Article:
I took part in last year’s nanowrimo, for the first time, and although I joined only during the last 10 days, I actually managed to get the 50,000 words done. Yay! And I liked my story. I still do actually, only, there’s a little problem…
The extreme writing marathon made me feel a bit “off” writing right after, and with the Christmas holidays and all, I just didn’t manage to get my head around sitting down and working on the story. So I spend those months doing research (spending hours googling “How to organize my novel research” but some actual research as well) and trying to find a way to put it all together in a way that wouldn’t make me end up with three huge binders full of scraps of paper, printout, illegible scribbled schemes and drawings (I’m NOT gifted when it comes to drawing), and the more I worked on it, the more I felt like I was moving away from the story itself.
I did find one very basic way of keeping organized, by saving the information in different word files, concerning characters, location and other. Yes, adding an “other” file is a very dangerous thing, I know. But it helps me keep track of things I want to keep in mind while writing, and that I often realized I had already researched some weeks earlier, only printed it out and put it somewhere I couldn’t possible find before the book was written and put away in a drawer. So far, so good.
Then I decided I’d need to do some editing first, as the writing I did during the nanowrimo was not exactly bad as such, but a bit erratic and unstructured, due to the utter stress of getting between 5 and 7,000 words written on some days. Crazy. Which made for frustrating and crazy editing as well. And as I was editing, I realized that although I knew where my story would end, I had no clue as to how to get there. And I’m already at 60,000 words, and the whole crucial stuff has yet to come. It’s not like I’ve been babbling on for two-thirds of the story, but it is building up the different stories, the links between characters, giving small glimpses of their true selves, and now, well, it’s about time the real action started.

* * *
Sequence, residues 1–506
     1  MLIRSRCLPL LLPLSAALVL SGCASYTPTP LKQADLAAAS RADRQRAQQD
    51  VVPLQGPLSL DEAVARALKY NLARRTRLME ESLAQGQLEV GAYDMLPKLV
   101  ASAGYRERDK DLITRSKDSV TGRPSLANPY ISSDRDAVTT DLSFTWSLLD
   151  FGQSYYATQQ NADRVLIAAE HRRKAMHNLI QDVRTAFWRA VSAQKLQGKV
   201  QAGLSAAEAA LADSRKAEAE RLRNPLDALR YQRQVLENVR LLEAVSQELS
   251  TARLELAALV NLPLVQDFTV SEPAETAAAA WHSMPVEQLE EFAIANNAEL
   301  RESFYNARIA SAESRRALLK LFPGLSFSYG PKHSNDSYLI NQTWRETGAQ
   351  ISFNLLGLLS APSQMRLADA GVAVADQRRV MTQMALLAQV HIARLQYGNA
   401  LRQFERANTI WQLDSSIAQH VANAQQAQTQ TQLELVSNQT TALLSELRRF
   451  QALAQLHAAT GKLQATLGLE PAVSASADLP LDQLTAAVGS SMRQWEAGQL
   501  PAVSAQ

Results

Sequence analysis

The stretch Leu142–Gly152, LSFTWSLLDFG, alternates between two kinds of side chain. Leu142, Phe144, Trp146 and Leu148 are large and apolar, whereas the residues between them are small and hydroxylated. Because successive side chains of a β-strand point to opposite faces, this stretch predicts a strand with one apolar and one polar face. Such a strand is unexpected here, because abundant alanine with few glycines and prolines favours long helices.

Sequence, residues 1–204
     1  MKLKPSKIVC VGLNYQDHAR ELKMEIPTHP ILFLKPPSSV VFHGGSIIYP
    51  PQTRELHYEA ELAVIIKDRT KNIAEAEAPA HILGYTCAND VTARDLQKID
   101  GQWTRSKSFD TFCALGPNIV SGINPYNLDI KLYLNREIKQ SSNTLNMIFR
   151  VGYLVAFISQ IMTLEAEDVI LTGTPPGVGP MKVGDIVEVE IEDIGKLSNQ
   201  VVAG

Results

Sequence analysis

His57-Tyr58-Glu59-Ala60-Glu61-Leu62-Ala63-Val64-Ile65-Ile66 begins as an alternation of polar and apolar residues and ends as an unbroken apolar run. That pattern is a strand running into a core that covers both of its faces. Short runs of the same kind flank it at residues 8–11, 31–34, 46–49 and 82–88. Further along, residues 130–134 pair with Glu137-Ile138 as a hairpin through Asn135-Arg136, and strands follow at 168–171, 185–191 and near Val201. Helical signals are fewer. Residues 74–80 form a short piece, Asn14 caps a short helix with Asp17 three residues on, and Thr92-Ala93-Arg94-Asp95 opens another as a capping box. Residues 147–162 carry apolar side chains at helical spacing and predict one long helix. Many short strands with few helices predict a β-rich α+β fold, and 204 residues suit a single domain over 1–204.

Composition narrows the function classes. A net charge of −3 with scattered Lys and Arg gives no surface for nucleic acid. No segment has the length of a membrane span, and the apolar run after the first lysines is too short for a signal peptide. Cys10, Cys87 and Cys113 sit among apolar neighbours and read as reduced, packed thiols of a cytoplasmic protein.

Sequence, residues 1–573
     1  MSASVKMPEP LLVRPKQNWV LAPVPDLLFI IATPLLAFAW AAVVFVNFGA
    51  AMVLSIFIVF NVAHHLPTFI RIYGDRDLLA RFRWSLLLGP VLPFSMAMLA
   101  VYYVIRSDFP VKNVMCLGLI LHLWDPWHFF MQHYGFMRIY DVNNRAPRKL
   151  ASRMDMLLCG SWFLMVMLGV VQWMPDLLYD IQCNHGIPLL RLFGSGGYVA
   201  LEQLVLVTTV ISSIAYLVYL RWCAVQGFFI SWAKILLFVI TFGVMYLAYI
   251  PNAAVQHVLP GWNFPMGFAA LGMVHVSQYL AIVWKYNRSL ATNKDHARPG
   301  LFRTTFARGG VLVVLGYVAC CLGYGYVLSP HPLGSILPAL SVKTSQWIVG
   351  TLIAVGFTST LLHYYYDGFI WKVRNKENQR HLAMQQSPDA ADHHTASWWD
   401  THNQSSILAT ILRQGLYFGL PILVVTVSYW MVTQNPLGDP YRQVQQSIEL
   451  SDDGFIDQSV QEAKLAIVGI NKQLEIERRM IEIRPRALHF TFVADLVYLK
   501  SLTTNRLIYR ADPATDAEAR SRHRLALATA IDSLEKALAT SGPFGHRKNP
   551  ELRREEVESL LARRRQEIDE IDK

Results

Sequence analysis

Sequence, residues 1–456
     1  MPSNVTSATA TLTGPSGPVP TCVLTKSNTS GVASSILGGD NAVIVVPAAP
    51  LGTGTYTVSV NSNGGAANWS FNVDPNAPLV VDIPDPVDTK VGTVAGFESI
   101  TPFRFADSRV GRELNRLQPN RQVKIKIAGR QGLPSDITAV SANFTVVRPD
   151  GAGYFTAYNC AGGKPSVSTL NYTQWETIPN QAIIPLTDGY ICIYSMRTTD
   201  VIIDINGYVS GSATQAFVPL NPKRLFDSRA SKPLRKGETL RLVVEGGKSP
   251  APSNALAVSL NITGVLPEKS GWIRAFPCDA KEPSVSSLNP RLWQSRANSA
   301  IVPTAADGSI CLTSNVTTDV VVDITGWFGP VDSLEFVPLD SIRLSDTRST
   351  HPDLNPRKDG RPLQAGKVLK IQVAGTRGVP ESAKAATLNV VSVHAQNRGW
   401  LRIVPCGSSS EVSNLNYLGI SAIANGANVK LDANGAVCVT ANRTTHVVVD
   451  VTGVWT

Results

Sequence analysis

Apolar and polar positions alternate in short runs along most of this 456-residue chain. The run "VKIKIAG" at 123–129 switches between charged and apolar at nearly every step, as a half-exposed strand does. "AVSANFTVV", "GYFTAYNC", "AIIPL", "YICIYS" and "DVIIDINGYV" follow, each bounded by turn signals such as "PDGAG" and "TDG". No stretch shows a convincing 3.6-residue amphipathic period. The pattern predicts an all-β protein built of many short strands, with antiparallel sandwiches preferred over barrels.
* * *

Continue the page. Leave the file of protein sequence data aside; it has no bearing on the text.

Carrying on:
And I’m clueless. Clueless and wordless as to where to start and what to put on paper. I did put together a sort of scheme of what should happen over these next pages, the evolution of each character, the things they will do, and I don’t have any writer’s block as such, but it just seems overwhelming. And I’m scared that I will screw the story up because I feel the urge to just “get it done!”
So although nanowrimo was a great experience and helped me get my story on the page, I could slap myself for starting something so huge without any research about my characters beforehand and for letting it lie untouched for so long. The longer I stay away from actually writing the story, the more I’m drawn into the editing mode, and find it hard to get back to that wonderful creative state where you just write wildly whatever crosses your mind (more or less). I feel like I’m ready to move onto the next set of editing, of real editing (I’m two seconds away from googling “best ways to edit your novel” once again, for the gazillionth time) and this part of going one step back is going to be really tough, especially as I have so much other work-related writing to do right now that makes me feel like all the juice is gone.
But I’m certainly not giving up, not this close to anything that looks like a novel with an actually not all too bad plot. And I’m crazily wondering whether I should simply do another semi-marathon like sprint next week, and write some 5,000 words each day so I can get to the end of the story without losing the thread of it each time. My very own personal “get it done already” March sprint.